Darren Walker, president of the Ford Foundation, will deliver Hamilton College’s 2018 Commencement address and receive an honorary degree on Sunday, May 20, at 10:30 a.m., in the Margaret Bundy Scott Field House.
In addition to Walker, honorary degrees will be awarded to Nan Aron, founder of Alliance for Justice; John Rice ’78, former vice chairman of General Electric and Hamilton College life trustee; and Anne-Marie Slaughter, president and CEO of the think tank New America. Slaughter will offer the Baccalaureate address on Saturday, May 19, at 3 p.m., in the Scott Field House. Four hundred eighty students will receive bachelor’s degrees during Hamilton’s Commencement ceremony.
Darren Walker is president of the Ford Foundation, an international social justice philanthropy with a $13 billion endowment and $600 million in annual grantmaking. He chaired the philanthropy committee that brought a resolution to the city of Detroit’s historic bankruptcy and is co-founder and chair of the U.S. Impact Investing Alliance.
Saturday, May 19, 3 p.m.,
Scott Field House
Sunday, May 20, 10:30 a.m.
Scott Field House
The Baccalaureate and commencement ceremonies can be viewed
Before joining Ford, Walker served as vice president at the Rockefeller Foundation, overseeing global and domestic programs including the Rebuild New Orleans initiative after Hurricane Katrina. In the 1990s, as COO of the Abyssinian Development Corporation—Harlem’s largest community development organization—he oversaw a comprehensive revitalization strategy, including building over 1,000 units of affordable housing and the first major commercial development in Harlem since the 1960s. Earlier, he had a decade-long career in international law and finance at Cleary Gottlieb Steen & Hamilton and UBS.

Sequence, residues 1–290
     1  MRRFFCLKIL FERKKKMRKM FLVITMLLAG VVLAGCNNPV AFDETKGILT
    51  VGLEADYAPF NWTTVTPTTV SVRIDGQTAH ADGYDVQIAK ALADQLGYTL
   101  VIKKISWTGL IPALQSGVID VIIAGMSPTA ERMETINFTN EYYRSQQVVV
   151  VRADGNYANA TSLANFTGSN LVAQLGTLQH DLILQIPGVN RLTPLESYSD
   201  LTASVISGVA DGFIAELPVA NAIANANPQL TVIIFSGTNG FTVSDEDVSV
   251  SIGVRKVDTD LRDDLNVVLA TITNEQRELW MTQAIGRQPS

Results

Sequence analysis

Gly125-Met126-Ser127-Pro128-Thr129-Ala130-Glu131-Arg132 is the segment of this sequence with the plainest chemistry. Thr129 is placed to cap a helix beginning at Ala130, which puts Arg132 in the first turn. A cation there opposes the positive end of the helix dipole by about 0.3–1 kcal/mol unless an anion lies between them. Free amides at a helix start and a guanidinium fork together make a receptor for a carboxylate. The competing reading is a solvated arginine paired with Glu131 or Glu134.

Walker co-chairs New York City’s Commission on City Art, Monuments, and Markers, and serves on the Commission on the Future of Riker’s Island Correctional Institution, and the UN International Labor Organization Commission on the Future of Work.
Educated exclusively in public schools, Walker was a member of the first class of Head Start in 1965 and graduated from the University of Texas at Austin, which in 2009 recognized him with its Distinguished Alumnus Award—its highest alumni honor.
He has been included on numerous annual media lists, including Time’s annual list of the 100 Most Influential People in the World, Rolling Stone’s 25 People Shaping the World, Fast Company’s 50 Most Innovative People, and OUT Magazine’s Power 100.
Attorney Nan Aron is the founder and president of Alliance for Justice (AFJ), a judicial advocacy group in the United States.
She is nationally recognized for her expertise in public interest law, the federal judiciary and citizen participation in public policy. Aron guides AFJ and its two programs, the Bolder Advocacy Initiative and the Justice Program, to secure the rights of all Americans to have their voices heard when government makes decisions that affect their lives. The Bolder Advocacy Initiative has trained and assisted thousands of nonprofits and foundations on the importance of advocacy. Under her leadership, the Judicial Selection Project is the premier voice on the critically important role the federal courts play.